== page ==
Telemedicine to Transform European Healthcare
ICT Results (04/24/09)

European researchers working on the HEALTH OPTIMUM project are using telemedicine technology to enhance healthcare across Europe while lowering its cost. "We set out to prove the sustainability of telemedical services from an organizational and economic point of view," says HEALTH OPTIMUM project coordinator Claudio Dario. "In our two years of market validation, we found that telemedicine not only gave advantages from an economic point of view, but was very useful for the needs of patients." For example, Dario says that before the project most head-trauma patients and possible brain-injury patients were transported by ambulance or helicopter to a neurosurgical center, but once diagnosed many patients did not need the center's specialized care. The HEALTH OPTIMUM project restructured the entire process. An IT infrastructure was established to support remote, full-service neurosurgical consultation using a hub-and-spoke model. Medical recordkeeping practices also were reorganized to enable computed axial tomography images and lab results to move smoothly and securely between specialized centers and peripheral clinics. The new infrastructure means patients no longer need to be transported from an accident site or emergency call location to a specialized center, but instead can be brought to a regular emergency room, where the patient can be stabilized and tests and other medical data can be digitally sent to the specialists, who can decide if the patient needs specialized care. "Our analysis showed that up to 80 percent of transportations have been avoided by this system, achieving a high level of savings," Dario says. "In addition, by speeding up expert assessment, telemedicine saves lives."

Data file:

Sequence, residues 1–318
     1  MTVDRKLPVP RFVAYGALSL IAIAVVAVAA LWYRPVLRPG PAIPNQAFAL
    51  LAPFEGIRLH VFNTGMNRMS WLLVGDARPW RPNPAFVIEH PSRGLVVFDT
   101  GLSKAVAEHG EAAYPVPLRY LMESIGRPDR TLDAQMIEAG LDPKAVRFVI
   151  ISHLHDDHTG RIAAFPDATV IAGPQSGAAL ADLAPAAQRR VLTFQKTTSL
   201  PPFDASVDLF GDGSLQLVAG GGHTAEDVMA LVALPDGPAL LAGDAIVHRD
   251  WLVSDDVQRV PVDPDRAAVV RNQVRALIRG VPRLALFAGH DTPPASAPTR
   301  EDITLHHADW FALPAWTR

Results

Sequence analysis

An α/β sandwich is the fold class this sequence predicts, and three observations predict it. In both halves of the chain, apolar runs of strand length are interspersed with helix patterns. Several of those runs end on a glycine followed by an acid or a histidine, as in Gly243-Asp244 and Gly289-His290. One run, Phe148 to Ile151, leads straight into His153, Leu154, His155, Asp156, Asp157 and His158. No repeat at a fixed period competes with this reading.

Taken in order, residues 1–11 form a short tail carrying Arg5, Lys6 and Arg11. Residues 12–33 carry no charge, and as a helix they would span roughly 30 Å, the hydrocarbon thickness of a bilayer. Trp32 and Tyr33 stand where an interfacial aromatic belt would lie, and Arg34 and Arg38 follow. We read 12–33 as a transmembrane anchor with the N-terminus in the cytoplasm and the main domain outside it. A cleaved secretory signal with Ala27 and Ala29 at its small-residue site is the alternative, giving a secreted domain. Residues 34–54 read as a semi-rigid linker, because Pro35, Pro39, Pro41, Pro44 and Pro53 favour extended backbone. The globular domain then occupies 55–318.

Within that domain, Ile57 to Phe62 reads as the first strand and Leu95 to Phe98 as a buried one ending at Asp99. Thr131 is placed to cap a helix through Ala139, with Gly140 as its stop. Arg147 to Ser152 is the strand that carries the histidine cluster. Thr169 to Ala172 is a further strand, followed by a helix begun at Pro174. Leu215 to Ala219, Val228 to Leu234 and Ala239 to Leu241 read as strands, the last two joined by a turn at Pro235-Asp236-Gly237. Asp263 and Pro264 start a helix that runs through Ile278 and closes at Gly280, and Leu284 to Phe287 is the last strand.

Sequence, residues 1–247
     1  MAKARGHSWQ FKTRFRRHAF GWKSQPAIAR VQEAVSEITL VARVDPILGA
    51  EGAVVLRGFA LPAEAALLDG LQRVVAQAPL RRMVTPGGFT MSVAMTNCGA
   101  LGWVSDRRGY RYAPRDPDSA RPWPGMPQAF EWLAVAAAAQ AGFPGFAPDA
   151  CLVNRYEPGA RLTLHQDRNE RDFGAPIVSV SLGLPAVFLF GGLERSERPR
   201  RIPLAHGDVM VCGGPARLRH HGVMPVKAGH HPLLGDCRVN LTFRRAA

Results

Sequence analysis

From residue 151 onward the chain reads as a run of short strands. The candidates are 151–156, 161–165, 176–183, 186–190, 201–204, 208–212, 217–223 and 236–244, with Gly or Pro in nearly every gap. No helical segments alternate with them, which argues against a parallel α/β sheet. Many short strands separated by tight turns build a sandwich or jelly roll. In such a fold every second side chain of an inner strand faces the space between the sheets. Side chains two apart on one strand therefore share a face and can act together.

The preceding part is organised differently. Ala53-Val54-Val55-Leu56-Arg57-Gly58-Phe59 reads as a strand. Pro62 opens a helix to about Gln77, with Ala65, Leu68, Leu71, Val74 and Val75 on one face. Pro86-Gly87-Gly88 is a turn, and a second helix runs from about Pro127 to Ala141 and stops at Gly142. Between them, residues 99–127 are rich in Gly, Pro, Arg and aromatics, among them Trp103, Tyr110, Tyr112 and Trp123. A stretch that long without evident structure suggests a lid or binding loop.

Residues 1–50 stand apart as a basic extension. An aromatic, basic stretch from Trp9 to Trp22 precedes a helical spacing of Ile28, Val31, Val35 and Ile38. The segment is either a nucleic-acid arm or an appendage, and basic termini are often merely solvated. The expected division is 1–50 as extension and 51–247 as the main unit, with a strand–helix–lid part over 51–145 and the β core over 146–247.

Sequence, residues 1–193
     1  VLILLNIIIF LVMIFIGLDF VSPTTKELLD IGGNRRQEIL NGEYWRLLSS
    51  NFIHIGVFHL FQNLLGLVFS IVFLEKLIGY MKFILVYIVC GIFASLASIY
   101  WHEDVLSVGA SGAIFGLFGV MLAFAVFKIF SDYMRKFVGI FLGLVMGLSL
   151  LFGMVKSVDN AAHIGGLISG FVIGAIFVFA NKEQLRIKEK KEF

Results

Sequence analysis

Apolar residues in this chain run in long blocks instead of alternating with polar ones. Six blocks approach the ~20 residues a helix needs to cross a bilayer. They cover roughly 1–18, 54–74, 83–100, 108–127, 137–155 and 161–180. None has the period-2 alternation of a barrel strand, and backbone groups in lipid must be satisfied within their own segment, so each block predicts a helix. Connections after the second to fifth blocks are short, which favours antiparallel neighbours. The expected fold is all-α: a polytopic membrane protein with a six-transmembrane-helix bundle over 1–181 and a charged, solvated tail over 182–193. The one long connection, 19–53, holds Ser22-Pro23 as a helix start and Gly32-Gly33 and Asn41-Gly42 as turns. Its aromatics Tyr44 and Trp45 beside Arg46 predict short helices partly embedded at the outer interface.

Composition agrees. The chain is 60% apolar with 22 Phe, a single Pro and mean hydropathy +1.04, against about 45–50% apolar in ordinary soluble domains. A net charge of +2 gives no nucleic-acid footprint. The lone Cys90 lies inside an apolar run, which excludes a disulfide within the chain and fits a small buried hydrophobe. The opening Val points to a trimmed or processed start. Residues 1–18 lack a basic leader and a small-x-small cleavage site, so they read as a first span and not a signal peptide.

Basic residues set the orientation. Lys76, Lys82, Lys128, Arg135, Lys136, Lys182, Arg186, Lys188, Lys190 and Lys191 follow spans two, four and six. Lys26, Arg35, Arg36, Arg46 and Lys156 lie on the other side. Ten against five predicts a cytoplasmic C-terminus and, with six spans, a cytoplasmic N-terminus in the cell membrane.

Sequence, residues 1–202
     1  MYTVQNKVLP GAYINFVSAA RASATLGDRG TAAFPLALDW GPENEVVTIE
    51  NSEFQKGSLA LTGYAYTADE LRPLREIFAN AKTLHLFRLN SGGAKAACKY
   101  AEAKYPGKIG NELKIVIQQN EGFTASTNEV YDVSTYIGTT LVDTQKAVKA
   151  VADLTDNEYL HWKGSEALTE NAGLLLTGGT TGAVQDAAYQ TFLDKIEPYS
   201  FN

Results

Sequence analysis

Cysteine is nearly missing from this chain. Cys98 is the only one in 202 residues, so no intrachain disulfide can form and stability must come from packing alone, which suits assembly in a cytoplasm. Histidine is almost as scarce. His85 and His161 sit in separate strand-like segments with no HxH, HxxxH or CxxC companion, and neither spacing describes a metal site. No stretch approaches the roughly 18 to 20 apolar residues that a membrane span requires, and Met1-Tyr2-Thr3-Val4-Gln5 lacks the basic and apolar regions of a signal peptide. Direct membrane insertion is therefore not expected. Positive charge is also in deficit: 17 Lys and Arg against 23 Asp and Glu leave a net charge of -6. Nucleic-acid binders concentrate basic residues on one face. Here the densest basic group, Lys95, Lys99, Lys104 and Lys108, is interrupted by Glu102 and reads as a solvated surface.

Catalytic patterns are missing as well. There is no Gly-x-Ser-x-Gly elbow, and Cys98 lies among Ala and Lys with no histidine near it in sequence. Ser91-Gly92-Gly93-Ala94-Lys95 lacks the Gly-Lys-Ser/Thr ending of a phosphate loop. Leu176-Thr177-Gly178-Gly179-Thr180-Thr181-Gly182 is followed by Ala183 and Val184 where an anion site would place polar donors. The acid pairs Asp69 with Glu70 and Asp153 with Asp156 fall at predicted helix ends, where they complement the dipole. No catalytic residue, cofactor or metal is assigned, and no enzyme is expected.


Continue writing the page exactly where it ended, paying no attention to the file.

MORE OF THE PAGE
Swine Flu: Statistical Model Predicts Spread in U.S.
Indiana University (04/28/09) Chaplin, Steve

Indiana University informatics professor Alessandro Vespignani says that two recently developed swine influenza models predict a worst-case scenario of 1,000 cases in the United States within three weeks. So far, there have been about 40 cases of swine influenza reported, according to the Centers for Disease Control and Prevention. The models were performed at Indiana University and Northwestern University. "What we are finding is that this is not a panic situation and that this thing is not ramping up in some crazy way," says Vespignani, an expert on the statistical analysis and computer modeling of epidemics. "Right now we are confident that in the next few days things will be more optimistic." However, he says the next few days will be critical, and models could change as often as every 12 to 24 hours, depending on worldwide events. Indiana University School of Law-Indianapolis Center for Law and Health co-director David Orentlicher says governments can be slow to react to threatened pandemics because public health departments and programs are generally severely underfunded, which can make it difficult to detect public health threats and mobilize responses quickly, and because effective public health strategies can disrupt economic activity.


Sleep Talking PCs Save Energy and Money
UCSD News (04/23/09) Kane, Daniel

Researchers at the University of California, San Diego (UCSD) and Microsoft Research have developed Somniloquy, a plug-and-play hardware prototype for personal computers that creates a new energy-saving state known as "sleep talking," which provides the energy savings of a PC's sleep mode while still allowing the PC to sustain some network-and-Internet connectivity. "Large numbers of people keep their PCs in awake mode even though the PCs are relatively idle for long blocks of time because they want to stay connected to an internal network or the Internet or both," says UCSD Ph.D. computer science student Yuvraj Agarwal. "I realized that most of the tasks that people keep their computers on for--like ensuring remote access and availability for virus scans and backup, maintaining presence on instant messaging (IM) networks, being available for incoming voice-over-IP (VoIP) calls, and file sharing and downloading--can be achieved at much lower power-use levels than regular awake mode." Somniloquy is a small USB-connected hardware and software plug-in system that allows a PC to remain in sleep mode while continuing to maintain network presence and run well-defined applications functions. Somniloquy supports instant messaging applications, VoIP, large background Web downloads, peer-to-peer file sharing networks, and remote access. The researchers say Somniloquy could be extended to work with other applications.